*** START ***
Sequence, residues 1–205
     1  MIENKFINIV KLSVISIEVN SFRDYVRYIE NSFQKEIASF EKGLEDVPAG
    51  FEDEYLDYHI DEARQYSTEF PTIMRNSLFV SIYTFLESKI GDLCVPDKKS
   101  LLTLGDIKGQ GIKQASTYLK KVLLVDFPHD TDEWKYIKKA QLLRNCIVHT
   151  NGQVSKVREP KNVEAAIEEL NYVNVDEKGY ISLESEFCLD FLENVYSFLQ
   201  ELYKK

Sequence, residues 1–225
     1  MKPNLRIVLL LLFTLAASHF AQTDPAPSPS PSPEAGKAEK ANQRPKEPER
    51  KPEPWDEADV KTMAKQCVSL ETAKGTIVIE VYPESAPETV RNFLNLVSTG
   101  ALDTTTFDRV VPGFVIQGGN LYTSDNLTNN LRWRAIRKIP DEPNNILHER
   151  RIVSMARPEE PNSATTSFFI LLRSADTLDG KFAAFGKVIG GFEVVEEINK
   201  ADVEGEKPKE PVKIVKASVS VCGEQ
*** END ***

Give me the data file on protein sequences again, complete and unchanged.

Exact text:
Sequence, residues 1–205
     1  MIENKFINIV KLSVISIEVN SFRDYVRYIE NSFQKEIASF EKGLEDVPAG
    51  FEDEYLDYHI DEARQYSTEF PTIMRNSLFV SIYTFLESKI GDLCVPDKKS
   101  LLTLGDIKGQ GIKQASTYLK KVLLVDFPHD TDEWKYIKKA QLLRNCIVHT
   151  NGQVSKVREP KNVEAAIEEL NYVNVDEKGY ISLESEFCLD FLENVYSFLQ
   201  ELYKK

Sequence, residues 1–225
     1  MKPNLRIVLL LLFTLAASHF AQTDPAPSPS PSPEAGKAEK ANQRPKEPER
    51  KPEPWDEADV KTMAKQCVSL ETAKGTIVIE VYPESAPETV RNFLNLVSTG
   101  ALDTTTFDRV VPGFVIQGGN LYTSDNLTNN LRWRAIRKIP DEPNNILHER
   151  RIVSMARPEE PNSATTSFFI LLRSADTLDG KFAAFGKVIG GFEVVEEINK
   201  ADVEGEKPKE PVKIVKASVS VCGEQ